There are also function templates, which are functions defined in terms of generic types.

The mechanism behind templates generates, at compile time, the code for the concrete types which will be as efficient as hand-written code for these types.

C++ comes with the Standard Template Library, the STL, which provides generic containers and generic algorithms. Generic containers are containers like vectors, lists, etc. whose elements are generic (like ints, doubles, strings or any other type or class). Generic algorithms are algorithms which operate on generic types (like ints, doubles, strings or any other type or class). These algorithms operate on ranges inside a container, so they are the same for a vector of ints or for a list of doubles. These ranges are defined by iterators, which are like pointers or coordinates inside the container.

In this way, if you have N types of containers and M different algorithms, you don't have to write NxM versions of the code, but just N+M. So less code to write and maintain. I am a huge fan of templates.

Functional programming

Functional programming is not just programming using functions, but rather using functions as first class citizens. That means being able to pass functions as arguments to other functions and return them as results.

In C, one can achieve this by using pointers to functions, but this is risky and ugly, in terms of function signature.

In C++ we can define functions as types, and therefore they can be used as arguments to and return values from other functions. The way of creating a function type (in C++ we call them function objects or functors) is to create a class and use operator overloading. In the same way as + can be overloaded in a matrix class, the () operator can be overloaded and therefore if myfunc is an object of the class F where the operator has been overloaded, we can use myfunc() like a normal function call.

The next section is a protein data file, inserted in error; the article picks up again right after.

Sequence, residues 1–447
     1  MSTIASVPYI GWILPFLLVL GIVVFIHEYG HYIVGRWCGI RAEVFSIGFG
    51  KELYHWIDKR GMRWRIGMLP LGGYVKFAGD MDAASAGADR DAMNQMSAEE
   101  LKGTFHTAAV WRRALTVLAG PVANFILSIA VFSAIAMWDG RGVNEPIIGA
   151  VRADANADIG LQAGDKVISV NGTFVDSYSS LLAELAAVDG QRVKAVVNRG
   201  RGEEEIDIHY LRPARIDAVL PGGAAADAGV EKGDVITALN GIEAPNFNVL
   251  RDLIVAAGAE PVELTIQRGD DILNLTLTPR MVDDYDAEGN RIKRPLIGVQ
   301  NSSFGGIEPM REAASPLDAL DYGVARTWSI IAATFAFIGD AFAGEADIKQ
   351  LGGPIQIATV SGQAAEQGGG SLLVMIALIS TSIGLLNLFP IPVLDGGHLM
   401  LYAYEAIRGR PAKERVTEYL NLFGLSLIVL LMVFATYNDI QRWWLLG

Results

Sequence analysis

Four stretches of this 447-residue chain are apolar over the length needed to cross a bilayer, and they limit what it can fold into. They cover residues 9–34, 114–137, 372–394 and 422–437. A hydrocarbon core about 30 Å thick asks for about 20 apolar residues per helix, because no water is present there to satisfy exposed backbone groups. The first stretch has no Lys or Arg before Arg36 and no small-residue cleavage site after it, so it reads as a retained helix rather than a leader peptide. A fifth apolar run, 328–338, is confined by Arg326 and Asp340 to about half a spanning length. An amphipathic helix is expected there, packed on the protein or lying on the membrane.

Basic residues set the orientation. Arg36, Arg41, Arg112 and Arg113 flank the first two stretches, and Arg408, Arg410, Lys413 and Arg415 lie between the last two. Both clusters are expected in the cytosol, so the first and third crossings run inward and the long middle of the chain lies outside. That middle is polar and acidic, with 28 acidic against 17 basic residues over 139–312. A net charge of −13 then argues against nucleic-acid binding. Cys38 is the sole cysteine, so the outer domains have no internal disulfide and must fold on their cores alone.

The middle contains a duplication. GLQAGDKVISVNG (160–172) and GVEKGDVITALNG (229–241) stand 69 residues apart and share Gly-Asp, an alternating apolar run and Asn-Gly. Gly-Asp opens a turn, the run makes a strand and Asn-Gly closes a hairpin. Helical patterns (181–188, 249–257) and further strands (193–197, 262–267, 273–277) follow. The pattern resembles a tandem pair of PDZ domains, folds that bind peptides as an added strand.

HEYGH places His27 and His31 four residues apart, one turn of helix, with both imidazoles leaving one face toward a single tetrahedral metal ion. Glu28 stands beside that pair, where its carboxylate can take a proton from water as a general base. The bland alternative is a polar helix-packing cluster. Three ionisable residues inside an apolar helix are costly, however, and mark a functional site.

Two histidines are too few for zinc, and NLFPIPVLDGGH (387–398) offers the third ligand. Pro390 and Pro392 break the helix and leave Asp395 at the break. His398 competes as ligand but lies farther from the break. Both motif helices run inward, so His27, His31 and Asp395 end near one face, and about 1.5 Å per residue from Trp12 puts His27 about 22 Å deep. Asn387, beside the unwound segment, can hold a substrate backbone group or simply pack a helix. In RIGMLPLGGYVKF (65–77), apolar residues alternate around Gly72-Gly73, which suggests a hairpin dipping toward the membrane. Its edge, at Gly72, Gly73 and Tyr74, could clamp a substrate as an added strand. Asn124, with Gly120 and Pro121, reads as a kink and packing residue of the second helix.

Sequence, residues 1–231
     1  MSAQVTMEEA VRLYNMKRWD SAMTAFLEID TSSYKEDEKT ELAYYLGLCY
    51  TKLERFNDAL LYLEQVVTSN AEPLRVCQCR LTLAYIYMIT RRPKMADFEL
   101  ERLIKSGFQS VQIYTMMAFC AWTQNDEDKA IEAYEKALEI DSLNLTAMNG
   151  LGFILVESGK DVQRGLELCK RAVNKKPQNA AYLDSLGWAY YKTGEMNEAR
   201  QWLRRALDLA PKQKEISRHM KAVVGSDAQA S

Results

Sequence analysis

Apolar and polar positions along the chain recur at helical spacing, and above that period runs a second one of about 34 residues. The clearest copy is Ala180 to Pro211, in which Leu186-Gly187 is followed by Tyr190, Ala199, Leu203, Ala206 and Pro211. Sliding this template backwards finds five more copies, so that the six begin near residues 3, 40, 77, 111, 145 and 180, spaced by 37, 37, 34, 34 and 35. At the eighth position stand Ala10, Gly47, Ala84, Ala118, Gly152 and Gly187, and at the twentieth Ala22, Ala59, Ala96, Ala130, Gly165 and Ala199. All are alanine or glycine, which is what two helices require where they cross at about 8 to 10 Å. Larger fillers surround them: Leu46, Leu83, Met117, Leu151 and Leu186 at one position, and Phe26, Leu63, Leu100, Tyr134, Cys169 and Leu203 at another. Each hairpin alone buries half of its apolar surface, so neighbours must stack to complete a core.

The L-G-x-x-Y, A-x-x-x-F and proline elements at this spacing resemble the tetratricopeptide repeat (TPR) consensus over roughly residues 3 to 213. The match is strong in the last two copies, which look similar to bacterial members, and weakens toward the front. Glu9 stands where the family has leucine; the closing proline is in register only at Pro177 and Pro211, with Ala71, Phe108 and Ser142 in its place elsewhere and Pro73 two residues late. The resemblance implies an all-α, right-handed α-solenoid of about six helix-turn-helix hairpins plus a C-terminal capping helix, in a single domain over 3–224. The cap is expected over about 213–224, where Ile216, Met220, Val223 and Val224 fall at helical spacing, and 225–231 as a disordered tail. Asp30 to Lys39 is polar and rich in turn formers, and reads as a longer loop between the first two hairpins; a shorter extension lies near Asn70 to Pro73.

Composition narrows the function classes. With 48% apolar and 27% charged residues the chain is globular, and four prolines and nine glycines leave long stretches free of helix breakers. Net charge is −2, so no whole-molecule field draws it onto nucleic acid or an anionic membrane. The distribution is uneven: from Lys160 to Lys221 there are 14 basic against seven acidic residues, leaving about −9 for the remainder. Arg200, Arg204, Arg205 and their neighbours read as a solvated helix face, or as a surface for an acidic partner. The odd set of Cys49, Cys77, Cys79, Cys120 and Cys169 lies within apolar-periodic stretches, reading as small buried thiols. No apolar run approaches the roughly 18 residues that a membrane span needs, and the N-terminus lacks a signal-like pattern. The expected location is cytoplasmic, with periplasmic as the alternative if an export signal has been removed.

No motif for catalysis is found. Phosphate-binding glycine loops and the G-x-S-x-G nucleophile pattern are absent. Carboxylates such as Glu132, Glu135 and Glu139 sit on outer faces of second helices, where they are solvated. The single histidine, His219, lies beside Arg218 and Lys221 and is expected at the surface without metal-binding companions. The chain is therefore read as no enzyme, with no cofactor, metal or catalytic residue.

And therefore, now we can define functions which take or return objects of class F and implement functional programming.

The STL uses extensively function objects in order to tune the behavior of algorithms. For example, the STL find_if algorithm returns the position of first element in a container for which a particular condition is true. It takes as one of its arguments the function which will be used to test if the elements of the container verify a given condition.


As far as I know, C++ offers the best trade-off between efficiency and abstraction level. Or as Bjarne Stroustrup said in a recent interview:

The essence of C++ is that it provides a direct map to hardware and offers mechanisms for very general zero-overhead abstraction.

Since C++ can be as efficient as C, I don't see any reason to use C for a new programming project. Learning C is still useful if one needs to modify existing C code. However, if one wants to use an existing C library in a new project, C++ seems a better choice.

The recent C++11 and C++14 versions of the language (which is by the way an ISO standard) have introduced many new features which make the use of C++ easier and this is giving a sort of renaissance to the language.

Nowadays, added to its classical uses in systems programming and scientific applications, C++ is starting to be used in mobile applications.

Tags: cpp programming-languages otb
16 Jan 2014


Modern C++

I have just recently had a look at the last C++ ISO standard (known as C++11). I was not aware of all the fancy features that have been included in the language.

Some of the most interesting features are:

  • auto,
  • range-based for loops,
  • general constant expressions,
  • uniform initialisation,
  • type aliases,
  • decltype,
  • variadic templates,
  • type safe threading,
  • user-defined literals,
  • move semantics

There are also new containers and algorithms in the STL.

During the end of the year break, I spent some time reading and watching on line presentations about the new C++. I recommend watching Bjarne Stroustrup's keynote at Going Native 2012 (link) and Scott Meyer's talk at Going Native 2013 where he even anticipates some C++14 features (link).

Stroustrup introduces his talk by saying:

I use C++11 freely. Examples include auto, general constant expressions, uniform initialisation, type aliases, type safe threading, and user-defined literals. C++11 features are only just starting to appear in production compilers, so some of my suggestions are conjecture. Developing a "modern style," however, is essential if we don't want to maintain newly-written 1970s and 1980s style code in 2020.